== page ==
A week ago, I had only heard the title of this film, and had successfully avoided seeing anything starring Sandra Bullock. But I’ve been reading the book Save The Cat! The Last Book on Screenwriting You’ll Ever Need, in which the author gives this film as an example of a $100 million hit that follows his theory of screenplay structure. I decided to watch it in order to get a better grasp on the book. I could also justify watching a “chick flick” by telling myself that I need to work myself through every entry in Michael Caine’s filmography, even the bad ones.
It turned out that I quite enjoyed this film. There is the requisite romance for any film starring Sandra between her and her FBI supervisor, but thankfully that is pushed to the background and the focus is on Sandra’s transformation throughout the film, and some biting satire of beauty pageants. There is very little storytelling subtlety as we are introduced to Sandra as a slovenly tomboy FBI agent with bad table manners and split ends. When she is determined to be the only federal agent suitable to be sent undercover to the Miss USA pageant, which has had bomb threats, Michael Caine shows up as a disgraced beauty adviser who turns the slob into a beauty overnight. Caine, naturally, steals the show, and has all the funniest lines, delivered with moderate helpings of camp. But we also have Candice Bergen as the queen bee organizer of the pageant and William Shatner doing quite a funny send up of Miss America host Bert Parks. Heather Burns is hilarious as the ditsy Miss Rhode Island, who replies to a question about her ideal date with “I’d have to say April 25th. Because it’s not too hot, not too cold, all you need is a light jacket,” evidently taken from an actual beauty pageant.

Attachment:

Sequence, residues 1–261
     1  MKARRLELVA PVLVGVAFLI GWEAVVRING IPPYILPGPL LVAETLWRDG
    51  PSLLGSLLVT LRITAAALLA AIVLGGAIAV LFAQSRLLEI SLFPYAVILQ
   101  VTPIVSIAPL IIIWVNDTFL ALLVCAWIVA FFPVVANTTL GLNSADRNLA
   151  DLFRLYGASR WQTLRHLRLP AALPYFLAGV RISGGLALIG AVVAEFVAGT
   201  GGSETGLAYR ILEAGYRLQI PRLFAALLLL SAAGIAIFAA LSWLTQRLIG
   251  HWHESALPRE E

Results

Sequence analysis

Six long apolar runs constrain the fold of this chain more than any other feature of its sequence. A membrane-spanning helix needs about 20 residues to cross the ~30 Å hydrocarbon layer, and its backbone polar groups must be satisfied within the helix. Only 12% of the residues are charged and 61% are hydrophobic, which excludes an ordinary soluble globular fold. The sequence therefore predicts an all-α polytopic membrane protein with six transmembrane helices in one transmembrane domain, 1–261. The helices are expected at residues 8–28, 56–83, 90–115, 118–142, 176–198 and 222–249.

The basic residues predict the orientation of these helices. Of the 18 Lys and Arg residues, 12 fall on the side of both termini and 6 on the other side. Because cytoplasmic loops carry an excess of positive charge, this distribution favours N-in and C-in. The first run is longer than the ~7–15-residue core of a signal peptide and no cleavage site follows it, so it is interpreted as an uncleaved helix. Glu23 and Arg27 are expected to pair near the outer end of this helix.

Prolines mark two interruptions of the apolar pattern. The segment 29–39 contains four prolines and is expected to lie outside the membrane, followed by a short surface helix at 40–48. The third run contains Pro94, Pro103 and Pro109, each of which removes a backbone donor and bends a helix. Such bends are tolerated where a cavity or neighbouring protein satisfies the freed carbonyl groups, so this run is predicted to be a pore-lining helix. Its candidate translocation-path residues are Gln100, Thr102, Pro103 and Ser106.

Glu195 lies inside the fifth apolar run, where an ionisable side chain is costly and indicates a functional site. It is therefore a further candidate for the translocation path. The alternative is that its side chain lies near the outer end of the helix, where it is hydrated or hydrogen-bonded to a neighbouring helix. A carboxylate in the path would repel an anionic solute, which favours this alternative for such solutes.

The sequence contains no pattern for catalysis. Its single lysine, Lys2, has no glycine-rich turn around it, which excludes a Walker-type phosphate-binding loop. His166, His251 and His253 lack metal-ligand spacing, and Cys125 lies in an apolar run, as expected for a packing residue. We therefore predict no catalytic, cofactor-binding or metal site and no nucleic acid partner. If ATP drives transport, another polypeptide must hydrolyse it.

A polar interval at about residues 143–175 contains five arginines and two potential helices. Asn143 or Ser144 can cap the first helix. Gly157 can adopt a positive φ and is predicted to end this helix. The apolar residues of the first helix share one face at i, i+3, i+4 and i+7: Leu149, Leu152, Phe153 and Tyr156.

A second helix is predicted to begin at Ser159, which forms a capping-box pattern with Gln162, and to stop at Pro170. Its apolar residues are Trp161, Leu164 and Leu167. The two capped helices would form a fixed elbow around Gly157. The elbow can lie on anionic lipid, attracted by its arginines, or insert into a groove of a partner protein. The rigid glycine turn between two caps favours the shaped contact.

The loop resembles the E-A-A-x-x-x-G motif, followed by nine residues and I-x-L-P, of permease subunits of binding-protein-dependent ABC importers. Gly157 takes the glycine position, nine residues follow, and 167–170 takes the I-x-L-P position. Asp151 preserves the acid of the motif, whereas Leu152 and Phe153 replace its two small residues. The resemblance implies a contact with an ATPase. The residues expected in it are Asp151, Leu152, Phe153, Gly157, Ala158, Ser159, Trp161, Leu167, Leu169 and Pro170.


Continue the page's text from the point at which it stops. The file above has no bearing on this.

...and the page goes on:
Going back to the book that prompted me to watch this, yes, the film is tightly structured, and, yes, that does help us identify with Sandra’s character and hope she pulls through, but it also makes the film rather predictable. I suppose you don’t watch this kind of film to be surprised, though.